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This page provides information on the System rollout in the Render Settings.

 

Overview


In this section you can control a variety of V-Ray parameters related to the overall operation of the renderer.

 

UI Path: ||Render Settings window|| > Settings tab > System rollout

 

 

Raycaster Parameters

 


One of the basic operations that V-Ray must perform is raycasting, the process of determining if a given ray intersects any geometry in the scene, and if so, identifying that geometry. From a technical perspective, the simplest way to implement raycasting would be to test the ray against every single renderable triangular face in the scene. Obviously, in scenes with thousands or millions of triangles, this would be very slow. To speed this process, V-Ray organizes the scene geometry into a special data structure called a binary space partitioning (BSP) tree.

The BSP tree is a hierarchical data structure built by subdividing the scene into two parts, then subdividing those two parts, then subdividing the four resulting parts, and so on. Those "parts" are called the nodes of the tree. At the top of the hierarchy is the root node, which represents the bounding box of the whole scene; at the bottom of the hierarchy are the leaf nodes, which contain references to actual triangles from the scene.

The settings in this area of the System rollout control various parameters of V-Ray's Binary Space Partitioning ( BSP ) tree.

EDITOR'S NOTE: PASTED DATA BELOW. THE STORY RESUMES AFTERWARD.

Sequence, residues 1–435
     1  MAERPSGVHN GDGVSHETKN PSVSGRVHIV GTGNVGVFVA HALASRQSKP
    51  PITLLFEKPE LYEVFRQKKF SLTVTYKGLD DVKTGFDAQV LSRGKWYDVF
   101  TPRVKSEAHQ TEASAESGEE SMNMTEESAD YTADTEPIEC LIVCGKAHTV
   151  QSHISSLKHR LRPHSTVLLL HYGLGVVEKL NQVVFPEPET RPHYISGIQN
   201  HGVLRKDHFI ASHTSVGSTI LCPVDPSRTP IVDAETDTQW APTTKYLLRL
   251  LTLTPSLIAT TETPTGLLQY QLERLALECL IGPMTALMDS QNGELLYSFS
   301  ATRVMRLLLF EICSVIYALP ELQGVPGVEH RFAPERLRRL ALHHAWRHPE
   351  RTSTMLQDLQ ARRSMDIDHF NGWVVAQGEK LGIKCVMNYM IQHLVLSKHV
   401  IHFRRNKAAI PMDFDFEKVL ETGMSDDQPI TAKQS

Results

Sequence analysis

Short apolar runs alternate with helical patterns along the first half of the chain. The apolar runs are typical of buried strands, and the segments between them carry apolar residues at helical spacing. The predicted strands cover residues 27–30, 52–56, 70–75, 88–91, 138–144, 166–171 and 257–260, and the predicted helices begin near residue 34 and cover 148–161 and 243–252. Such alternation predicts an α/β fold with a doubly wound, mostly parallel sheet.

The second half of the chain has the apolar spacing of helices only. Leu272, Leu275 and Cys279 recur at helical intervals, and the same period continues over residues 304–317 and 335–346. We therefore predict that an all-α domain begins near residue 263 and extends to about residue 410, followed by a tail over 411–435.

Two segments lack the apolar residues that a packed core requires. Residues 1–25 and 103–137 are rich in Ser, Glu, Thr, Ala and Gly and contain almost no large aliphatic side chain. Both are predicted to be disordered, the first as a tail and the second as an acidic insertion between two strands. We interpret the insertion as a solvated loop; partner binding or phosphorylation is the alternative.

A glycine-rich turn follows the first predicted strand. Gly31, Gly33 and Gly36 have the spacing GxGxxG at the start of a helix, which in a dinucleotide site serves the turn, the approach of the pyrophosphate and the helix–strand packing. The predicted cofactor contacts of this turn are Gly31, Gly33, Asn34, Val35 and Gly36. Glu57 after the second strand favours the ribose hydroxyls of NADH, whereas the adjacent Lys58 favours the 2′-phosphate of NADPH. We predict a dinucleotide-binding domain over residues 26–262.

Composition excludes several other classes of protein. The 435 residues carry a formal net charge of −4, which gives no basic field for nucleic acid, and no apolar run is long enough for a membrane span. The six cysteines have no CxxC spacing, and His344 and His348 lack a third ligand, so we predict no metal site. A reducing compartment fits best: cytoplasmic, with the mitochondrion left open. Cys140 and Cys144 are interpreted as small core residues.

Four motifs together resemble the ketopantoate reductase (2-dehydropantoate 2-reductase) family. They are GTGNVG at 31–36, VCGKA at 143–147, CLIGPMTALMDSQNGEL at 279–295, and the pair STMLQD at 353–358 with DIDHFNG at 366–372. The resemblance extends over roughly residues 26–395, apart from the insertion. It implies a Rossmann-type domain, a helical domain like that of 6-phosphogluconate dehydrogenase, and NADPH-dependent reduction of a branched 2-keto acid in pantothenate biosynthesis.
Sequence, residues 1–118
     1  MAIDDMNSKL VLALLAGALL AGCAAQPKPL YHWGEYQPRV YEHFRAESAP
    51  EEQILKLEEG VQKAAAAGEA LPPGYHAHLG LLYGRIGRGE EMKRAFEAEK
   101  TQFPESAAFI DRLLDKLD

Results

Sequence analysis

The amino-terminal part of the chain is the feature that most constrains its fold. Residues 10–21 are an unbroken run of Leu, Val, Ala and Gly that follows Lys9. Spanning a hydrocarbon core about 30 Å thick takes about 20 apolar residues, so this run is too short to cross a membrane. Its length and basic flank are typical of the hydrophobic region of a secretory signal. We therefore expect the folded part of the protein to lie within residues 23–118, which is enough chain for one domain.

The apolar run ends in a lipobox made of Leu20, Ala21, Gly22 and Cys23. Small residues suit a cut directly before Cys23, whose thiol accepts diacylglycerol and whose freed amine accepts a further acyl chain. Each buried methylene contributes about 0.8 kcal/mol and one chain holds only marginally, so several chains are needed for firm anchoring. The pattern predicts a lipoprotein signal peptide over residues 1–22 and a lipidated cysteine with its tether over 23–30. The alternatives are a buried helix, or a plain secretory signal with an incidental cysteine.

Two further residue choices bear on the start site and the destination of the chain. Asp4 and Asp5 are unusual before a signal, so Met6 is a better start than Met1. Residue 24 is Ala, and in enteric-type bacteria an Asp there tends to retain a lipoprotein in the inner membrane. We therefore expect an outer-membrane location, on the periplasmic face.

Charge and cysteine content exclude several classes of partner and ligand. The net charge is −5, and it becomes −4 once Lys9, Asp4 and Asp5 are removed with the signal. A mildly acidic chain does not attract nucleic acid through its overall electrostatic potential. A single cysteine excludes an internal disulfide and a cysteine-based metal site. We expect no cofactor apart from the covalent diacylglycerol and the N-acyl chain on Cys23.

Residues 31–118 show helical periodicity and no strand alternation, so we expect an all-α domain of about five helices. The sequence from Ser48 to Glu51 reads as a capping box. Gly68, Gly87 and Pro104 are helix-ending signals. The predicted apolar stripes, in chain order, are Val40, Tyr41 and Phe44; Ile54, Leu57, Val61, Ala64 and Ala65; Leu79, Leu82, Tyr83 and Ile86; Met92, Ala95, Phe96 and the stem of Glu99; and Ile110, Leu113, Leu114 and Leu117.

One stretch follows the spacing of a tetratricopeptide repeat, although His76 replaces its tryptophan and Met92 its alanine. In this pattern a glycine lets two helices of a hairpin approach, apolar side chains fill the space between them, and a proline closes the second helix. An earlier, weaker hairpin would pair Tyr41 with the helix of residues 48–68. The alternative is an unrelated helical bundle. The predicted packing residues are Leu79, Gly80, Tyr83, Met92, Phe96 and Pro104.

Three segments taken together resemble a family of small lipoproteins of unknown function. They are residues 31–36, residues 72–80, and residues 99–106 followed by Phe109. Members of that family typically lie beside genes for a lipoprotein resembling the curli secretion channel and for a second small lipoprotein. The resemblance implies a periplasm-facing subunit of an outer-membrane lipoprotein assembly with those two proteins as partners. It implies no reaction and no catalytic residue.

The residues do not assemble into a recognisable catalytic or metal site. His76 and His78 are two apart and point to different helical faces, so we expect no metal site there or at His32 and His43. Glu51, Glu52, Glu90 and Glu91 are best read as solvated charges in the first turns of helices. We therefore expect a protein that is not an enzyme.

Abort rendering on missing asset – When enabled, the scene will not render if an asset fails to load. When DR is used, the DR server(s) that didn't successfully receive an asset will be excluded from rendering.

Dynamic memory limit – The total RAM limit for the dynamic raycasters, which store dynamic geometry, such as displacement and VRayProxy objects. Set this to 0 to remove any limit (V-Ray takes as much memory as needed) The memory pool is shared between the different rendering threads. Therefore, if geometry needs to be unloaded and loaded too often, the threads must wait for each other and the rendering performance suffers.

Default Geometry – Internally V-Ray maintains four raycasting engines. All of them are built around the idea of a BSP tree, but each has different uses. The engines can be grouped into raycasters for non-motion blurred and for motion blurred geometry, as well as for static and dynamic geometry. This parameter determines the type of geometry for standard Maya mesh objects. Note that some objects (displacement-mapped objects and VRayProxy File Formats for example) always generate dynamic geometry, regardless of this setting.

Auto  – Some objects are compiled as static geometry, while others as dynamic. V-Ray makes the decision on which type to use based on the face count for an object and the number of its instances in the scene.
Static